Ok, I made it. I did it in Photoshop, after a long, sleepless night of watching Boston manhunt coverage and reading animated-gif trickery how-tos.
Vintage drag racing is sort of like a Civil War reenactment with pellet guns — you take something that was once hugely dangerous and kind of insane, and do it in an ever-so-slightly safer manner.
Despite having a timeless Richard Teague design, TransAm racing cred, and being the car that would break AMC out of its George Romney-era economy-car mold, the AMC Javelin's hi-po AMX version always appeared uncomfortable in its own skin. But will a total, pro-touring makeover solve its issues?
The 1955 Thunderbird was Ford's answer to the Corvette. It had less European influence, and didn't quite obtain the same racing pedigree (and the Battlebird was pretty sweet.) It also outsold the Corvette of the era, though keeps a lower profile these days.
For all the love they get from fans, movie cars usually aren't that interesting. One exception is "Eleanor," the 1967 Shelby Mustang GT500 replica from the 2000 reboot of Gone in 60 Seconds, whose fan base is so rabid, they'll tattoo its likeness on their forearms.
I don't know about you, but I'd be okay with never seeing another '57 Chevy hot rod if I live to be 1,000 years old. But a Dodge business coupe? Why, yes.
That's the question Trenton New Jersey's Sean Rich asked, as he set upon his 1973 Chevrolet Chevelle. He was already half-way there; the early '70s marked Detroit's most sinister-looking half-decade, with the Chevelle sharing its ominous styling with dead-mobster rides like the Lincoln Continental MkIV, Buick…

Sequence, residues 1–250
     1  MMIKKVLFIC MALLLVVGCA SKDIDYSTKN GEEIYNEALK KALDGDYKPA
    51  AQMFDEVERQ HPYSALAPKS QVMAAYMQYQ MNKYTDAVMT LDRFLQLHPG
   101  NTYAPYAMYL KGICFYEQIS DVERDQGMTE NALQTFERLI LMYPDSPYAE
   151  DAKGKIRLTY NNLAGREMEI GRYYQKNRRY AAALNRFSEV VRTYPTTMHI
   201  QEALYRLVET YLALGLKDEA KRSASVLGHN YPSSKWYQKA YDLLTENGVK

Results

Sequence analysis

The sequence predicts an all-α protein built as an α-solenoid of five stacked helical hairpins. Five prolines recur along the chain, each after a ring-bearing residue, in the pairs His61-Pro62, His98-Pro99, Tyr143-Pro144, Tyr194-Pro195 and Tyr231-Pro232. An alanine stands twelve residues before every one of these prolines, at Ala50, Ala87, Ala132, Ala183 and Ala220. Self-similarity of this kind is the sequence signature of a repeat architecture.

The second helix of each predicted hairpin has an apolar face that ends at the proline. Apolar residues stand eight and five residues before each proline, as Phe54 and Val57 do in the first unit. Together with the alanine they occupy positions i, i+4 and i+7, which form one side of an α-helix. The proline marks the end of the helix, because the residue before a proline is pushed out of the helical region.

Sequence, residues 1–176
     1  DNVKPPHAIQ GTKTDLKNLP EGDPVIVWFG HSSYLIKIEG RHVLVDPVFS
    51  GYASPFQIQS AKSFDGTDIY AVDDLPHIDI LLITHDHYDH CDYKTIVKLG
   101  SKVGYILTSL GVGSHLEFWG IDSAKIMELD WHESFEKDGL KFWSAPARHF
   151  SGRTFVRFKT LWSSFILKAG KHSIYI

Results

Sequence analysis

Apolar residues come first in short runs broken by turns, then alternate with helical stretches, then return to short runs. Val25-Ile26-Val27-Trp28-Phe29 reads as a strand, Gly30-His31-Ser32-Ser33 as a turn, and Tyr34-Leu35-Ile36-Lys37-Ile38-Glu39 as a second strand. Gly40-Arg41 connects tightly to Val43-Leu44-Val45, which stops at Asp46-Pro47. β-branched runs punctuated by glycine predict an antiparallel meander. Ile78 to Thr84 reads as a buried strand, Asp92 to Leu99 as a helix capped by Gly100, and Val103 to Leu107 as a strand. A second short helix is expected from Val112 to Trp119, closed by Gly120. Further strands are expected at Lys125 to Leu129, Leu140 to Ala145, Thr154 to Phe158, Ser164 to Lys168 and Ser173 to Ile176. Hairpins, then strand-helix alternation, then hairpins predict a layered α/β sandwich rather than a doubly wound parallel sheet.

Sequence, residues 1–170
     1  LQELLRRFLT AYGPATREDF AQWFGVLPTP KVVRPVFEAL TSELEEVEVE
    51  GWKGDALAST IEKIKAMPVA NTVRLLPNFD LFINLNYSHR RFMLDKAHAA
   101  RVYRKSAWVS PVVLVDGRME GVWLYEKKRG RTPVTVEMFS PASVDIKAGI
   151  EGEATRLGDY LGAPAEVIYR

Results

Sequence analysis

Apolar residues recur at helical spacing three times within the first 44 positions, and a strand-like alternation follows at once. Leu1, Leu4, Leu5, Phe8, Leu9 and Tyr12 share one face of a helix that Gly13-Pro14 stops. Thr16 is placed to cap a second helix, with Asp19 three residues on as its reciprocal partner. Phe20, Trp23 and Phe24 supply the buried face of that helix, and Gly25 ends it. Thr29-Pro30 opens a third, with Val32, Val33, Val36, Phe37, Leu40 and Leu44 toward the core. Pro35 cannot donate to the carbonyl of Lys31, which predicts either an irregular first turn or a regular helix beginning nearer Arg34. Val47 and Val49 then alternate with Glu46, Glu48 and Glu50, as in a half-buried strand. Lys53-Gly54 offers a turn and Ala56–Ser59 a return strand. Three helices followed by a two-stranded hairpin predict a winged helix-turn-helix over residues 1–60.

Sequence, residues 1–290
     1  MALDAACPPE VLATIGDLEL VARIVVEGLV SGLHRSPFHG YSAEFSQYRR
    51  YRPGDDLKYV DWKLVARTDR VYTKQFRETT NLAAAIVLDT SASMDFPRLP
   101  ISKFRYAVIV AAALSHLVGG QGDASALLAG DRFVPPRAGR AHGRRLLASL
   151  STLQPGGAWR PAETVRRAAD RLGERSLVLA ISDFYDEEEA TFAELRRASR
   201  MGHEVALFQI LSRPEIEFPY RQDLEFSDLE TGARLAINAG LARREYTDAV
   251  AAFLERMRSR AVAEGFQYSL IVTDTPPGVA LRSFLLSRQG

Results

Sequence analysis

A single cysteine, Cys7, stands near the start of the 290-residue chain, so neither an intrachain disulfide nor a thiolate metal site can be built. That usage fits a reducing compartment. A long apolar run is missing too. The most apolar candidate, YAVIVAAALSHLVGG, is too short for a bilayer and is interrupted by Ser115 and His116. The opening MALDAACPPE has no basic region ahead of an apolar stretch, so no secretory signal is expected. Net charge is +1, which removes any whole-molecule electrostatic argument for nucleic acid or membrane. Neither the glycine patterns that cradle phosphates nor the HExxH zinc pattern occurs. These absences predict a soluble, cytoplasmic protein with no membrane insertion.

If you thought New Yorkers hated muscle cars, you've obviously never looked behind some of those rickety garages in the outer boroughs like Queens, NY. If you did, you'd find more than a few automotive "projects" on the DL.
Imagine owing a rare, numbers-matching, high-spec, 440-six-pack 1970 Plymouth Barracuda. Then imagine you got it from your cousin when you were 17 years old, and it's now 34 years later? That's the situation with John Cross and his 'Cuda.
At face value, it might seem in bad taste to honor Carroll Shelby with a knockoff of the car that made him a household name in the mid-1960s. But what is it Charles Caleb Colton once said about imitation and flattery?
You've seen sleepers before. Cars that look like something grandma might drive, but perform like something Grandma "Grumpy" Jenkins might drive. This 1972 Nova looks like a 40-something economy coupe, and a crap one at that. But look closer. In particular, under the hood.